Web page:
Wednesday, May 3, 2017

Disability slurs are as damaging as racism and homophobia - THE SYDNEY MORNING HERALD

by Carly Findlay 
Originally published: May 2, 2017
Publisher: SMH.au.com 

I'm tired of influential people using disability slurs as insults. As long as these people continue to use them, the average person in the workplace or schoolyard or street will think it's OK, too.

Last week, it was revealed that Australian Olympic Committee (AOC) chief John Coates wrote in an email that an AOC staff member should "get in the real world" because the AOC was not a "sheltered workshop". The staff member had cancer, was undergoing chemotherapy and, according to her boss, rarely missed a day of work.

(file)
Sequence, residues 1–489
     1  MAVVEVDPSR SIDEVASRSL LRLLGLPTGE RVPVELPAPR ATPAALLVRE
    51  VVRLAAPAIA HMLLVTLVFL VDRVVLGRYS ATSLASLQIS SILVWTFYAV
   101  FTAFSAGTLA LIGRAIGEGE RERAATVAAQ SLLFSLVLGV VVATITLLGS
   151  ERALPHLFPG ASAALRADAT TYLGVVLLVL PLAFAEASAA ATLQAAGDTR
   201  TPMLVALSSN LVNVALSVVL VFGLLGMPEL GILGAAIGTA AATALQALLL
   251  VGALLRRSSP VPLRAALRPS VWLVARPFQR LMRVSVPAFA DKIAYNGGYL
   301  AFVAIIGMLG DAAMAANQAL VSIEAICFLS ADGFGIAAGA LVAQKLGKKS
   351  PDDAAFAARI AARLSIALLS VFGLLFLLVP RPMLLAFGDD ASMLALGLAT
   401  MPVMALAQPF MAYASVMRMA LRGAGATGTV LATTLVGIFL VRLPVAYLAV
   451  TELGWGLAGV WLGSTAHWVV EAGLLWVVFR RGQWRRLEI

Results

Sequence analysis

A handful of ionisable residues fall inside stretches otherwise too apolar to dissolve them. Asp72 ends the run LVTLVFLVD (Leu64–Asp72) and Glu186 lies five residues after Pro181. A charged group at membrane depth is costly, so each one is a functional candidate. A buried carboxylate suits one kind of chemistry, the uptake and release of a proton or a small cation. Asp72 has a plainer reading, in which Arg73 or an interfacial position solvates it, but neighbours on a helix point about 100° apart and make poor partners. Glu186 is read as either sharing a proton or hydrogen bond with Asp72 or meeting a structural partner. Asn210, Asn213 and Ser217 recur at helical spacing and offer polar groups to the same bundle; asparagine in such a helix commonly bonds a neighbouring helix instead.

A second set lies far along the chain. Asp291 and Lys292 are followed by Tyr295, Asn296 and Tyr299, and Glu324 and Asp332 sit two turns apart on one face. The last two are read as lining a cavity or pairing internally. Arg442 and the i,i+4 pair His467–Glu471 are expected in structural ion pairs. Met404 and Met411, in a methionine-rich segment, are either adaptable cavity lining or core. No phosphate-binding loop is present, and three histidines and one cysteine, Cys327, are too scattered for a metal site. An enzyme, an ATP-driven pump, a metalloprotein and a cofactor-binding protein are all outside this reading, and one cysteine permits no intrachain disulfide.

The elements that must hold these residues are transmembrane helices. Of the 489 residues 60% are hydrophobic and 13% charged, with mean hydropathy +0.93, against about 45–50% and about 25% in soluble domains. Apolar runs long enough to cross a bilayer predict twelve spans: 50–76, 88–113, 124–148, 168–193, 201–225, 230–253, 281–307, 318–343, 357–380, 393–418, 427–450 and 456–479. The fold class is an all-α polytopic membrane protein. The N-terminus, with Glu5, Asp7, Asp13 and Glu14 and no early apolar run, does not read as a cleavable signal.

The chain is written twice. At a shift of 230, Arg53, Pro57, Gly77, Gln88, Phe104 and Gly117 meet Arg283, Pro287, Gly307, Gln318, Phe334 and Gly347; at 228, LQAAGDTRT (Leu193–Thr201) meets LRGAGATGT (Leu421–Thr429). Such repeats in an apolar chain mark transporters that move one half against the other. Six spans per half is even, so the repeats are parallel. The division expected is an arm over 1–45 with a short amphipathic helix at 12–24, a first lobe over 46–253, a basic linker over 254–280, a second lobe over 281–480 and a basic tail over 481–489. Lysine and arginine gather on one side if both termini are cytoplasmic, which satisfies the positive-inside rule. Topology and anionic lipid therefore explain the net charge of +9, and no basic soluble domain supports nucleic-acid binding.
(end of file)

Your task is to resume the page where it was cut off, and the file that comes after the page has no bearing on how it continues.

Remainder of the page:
The Australian Paralympic Committee has condemned these comments, describing their impact as "a hard battle". Dylan Alcott, three-time Paralympic gold medalist, was one of several Paralympians to speak out about Coates' comments. "Using derogatory language like 'this isn't a sheltered workplace' - with its tone and purpose to denigrate people with disabilities, implying that people with disabilities are second-class citizens, and cannot do the work of an able-bodied person completely negates all the positive progress that has been made."